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Private Road Taxpayers Being Unfairly Assessed?

This article is about whether private road taxpayers are being unfairly assessed on their property values, in Dover and Barrington.

Three years ago, Norman Allie of Dover, who lives in a new Private Road Development known as Wyndbrook at Dover wrote a note to the assessor’s office in Dover, New Hampshire asking if they get a break for not being provided regular road services, including plowing, cleaning, drainage maintenance, and paving. According to Mr. Allie, the City of Dover said that in theory, they should be provided a discount, but that they currently aren’t. In fact, a letter produced from the City of Dover reads:

“Dear Mr. Allie,

I am sorry to have missed the point of your initial letter to me regarding adjustments to assessments as a result of receiving fewer services from the City as compared to other properties City-wide. Hopefully, this letter will help clarify the matter.

The straight answer to your question is: no.”

The letter goes on to read that assessments are based on property value and that assessors are regulated by the State of New Hampshire’s Department of Revenue Administration – and that essentially the City of Dover has no control over what it charges its residents. However, comparing the responses from Dover to the responses from the Town of Barrington, you will see that there is a clear difference in the responses. At this point, it appears that taxes are assessed in these two different geographical areas differently, which isn’t more than 30 miles apart from each other. If the City of Dover was telling the truth, then why isn’t the Town of Barrington regulated in the same way?

According to Conner MacIver, the Barrington Town Administrator, RSA 231:59 reads:

“Expenditure. – The money so raised and collected shall be expended in repairing class IV and class V highways by the agents elected or appointed for the purpose, under the direction of the selectmen.”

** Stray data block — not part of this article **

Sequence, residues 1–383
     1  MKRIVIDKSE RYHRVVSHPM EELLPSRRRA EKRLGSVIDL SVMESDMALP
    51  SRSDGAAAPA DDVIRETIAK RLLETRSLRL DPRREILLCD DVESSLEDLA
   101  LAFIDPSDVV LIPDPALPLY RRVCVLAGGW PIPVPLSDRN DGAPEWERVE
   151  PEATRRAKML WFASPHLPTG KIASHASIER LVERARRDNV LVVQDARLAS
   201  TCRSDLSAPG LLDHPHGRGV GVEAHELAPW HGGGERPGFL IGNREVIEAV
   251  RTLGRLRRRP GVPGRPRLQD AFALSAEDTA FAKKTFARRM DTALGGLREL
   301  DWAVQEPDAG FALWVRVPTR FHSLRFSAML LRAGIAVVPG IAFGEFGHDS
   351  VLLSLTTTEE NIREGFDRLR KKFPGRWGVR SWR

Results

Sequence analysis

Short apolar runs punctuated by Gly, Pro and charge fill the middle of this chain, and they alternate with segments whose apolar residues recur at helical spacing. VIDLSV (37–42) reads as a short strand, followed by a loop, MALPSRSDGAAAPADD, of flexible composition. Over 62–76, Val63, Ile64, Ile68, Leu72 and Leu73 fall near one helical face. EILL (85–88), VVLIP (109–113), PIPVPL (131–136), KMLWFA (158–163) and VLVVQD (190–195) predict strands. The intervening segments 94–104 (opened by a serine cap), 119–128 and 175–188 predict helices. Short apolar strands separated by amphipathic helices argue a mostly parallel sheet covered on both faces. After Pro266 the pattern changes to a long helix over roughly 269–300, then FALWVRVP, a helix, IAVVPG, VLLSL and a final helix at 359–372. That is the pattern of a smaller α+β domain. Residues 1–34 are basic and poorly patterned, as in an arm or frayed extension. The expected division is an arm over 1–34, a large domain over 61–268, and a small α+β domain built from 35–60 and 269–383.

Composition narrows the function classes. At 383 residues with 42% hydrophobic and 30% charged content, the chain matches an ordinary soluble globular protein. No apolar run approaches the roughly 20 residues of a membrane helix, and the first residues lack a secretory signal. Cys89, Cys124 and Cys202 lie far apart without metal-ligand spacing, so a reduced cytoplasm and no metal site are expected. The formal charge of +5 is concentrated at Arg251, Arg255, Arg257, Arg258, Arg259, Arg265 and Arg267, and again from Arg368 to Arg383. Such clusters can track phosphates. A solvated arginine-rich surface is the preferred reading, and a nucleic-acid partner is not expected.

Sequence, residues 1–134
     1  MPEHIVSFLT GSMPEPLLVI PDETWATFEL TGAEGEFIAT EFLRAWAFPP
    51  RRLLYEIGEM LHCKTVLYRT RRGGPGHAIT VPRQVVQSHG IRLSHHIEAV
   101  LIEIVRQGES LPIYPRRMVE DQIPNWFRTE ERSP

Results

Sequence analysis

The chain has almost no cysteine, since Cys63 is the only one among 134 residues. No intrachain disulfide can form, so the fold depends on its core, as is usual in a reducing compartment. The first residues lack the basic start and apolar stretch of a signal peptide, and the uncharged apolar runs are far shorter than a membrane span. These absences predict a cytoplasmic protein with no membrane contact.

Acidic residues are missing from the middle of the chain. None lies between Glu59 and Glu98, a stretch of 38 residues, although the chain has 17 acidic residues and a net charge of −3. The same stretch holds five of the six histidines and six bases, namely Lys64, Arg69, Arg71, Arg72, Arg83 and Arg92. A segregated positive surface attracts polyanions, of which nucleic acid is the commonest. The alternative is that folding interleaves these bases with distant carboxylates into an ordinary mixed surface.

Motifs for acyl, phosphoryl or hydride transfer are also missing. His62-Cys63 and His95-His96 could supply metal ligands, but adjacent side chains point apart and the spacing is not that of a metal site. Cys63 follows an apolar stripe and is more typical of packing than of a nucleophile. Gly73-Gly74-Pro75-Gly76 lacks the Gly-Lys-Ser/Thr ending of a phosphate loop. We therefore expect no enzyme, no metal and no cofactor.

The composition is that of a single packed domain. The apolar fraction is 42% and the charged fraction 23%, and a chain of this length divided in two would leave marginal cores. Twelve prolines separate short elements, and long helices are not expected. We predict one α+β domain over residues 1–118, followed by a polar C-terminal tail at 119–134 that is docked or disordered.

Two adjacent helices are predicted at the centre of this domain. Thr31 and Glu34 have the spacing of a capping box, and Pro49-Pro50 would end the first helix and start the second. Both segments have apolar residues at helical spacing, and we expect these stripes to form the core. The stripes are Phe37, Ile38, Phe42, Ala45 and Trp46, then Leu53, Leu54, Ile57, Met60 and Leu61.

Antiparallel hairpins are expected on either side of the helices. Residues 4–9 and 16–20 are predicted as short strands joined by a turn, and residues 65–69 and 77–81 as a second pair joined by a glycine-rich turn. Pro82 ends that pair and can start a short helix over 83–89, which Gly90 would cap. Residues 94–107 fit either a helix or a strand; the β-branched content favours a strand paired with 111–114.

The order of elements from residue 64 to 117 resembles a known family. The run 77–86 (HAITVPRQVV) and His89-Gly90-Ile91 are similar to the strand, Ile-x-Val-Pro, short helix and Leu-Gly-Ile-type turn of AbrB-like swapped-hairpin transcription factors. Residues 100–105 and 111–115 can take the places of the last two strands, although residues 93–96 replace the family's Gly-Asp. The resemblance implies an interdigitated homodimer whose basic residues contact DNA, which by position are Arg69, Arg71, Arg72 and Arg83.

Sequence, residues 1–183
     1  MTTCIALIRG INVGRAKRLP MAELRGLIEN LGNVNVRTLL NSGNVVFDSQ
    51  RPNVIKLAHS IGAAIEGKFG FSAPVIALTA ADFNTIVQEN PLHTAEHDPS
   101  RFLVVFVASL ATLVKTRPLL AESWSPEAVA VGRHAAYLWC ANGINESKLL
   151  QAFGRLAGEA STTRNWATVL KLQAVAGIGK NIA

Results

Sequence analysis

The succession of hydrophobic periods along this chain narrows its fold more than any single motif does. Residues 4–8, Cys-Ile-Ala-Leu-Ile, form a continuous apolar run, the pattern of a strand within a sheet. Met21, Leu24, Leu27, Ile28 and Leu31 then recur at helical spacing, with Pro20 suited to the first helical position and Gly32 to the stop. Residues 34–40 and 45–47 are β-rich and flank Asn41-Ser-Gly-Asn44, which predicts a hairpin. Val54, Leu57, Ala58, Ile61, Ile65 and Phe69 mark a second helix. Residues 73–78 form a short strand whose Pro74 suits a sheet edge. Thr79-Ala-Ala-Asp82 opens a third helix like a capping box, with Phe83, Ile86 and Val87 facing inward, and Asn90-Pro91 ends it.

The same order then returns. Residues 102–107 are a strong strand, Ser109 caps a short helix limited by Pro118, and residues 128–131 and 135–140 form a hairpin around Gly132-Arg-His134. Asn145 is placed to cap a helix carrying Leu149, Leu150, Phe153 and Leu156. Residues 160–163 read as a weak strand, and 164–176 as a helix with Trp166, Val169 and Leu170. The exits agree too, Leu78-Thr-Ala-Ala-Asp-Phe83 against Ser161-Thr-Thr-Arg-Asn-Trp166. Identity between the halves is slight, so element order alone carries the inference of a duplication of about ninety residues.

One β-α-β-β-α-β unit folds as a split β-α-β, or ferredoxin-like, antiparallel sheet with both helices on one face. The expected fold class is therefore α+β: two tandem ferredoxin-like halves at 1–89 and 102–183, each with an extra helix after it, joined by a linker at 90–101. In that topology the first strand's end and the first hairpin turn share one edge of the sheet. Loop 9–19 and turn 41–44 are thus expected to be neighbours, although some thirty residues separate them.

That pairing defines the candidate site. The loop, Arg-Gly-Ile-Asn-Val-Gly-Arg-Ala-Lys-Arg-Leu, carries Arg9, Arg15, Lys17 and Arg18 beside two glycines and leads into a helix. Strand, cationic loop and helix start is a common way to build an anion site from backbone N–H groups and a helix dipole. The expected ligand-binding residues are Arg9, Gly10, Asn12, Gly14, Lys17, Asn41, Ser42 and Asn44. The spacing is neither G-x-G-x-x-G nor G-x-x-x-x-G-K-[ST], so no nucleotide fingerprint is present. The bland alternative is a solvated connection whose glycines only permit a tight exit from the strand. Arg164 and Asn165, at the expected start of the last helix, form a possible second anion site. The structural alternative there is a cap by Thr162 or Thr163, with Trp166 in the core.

But he also added that properties on Private Roads and Class VI Roads in Barrington, NH are assessed at 10-15% less in Land Assessments, depending on the pavement surface.He claims that Private and Class VI Roads that have a gravel surface get a reduction of 15% on Land Assessment.In 2018, residents approved $25,109,093 to be raised by taxation.$4,290,366 for the Town, $18,108,870 for the school, and $2,709,857 for the county.The Town’s portion is 17% of the tax rate.The Highway Department budget is 28% of the Town’s total budget.This means that ~4.75% of taxpayer money goes to the Highway Department and pays for road maintenance.The Town Administrator feels this is fair, not to mention that residents who live on non-Town maintained roads will also use other roads that are maintained by the Town.

According to Barrington’s Town Administrator,

“While the tax rate is the same for all property owners in Barrington, the assessment is not.In order to correct for market factors (such as living on a road not maintained by the Town) our assessors adjust values in the following way:For a piece of property on a Class VI or private road, the land value is reduced by 10%.For properties on a gravel road (Class V, Class VI or private), the land value is reduced by 5%.That means that properties on gravel, Class VI or private road, are assessed at 15% less than a property on a paved Class V road.Not all communities adjust the assessment of properties on Class VI and private roads, but Barrington does.”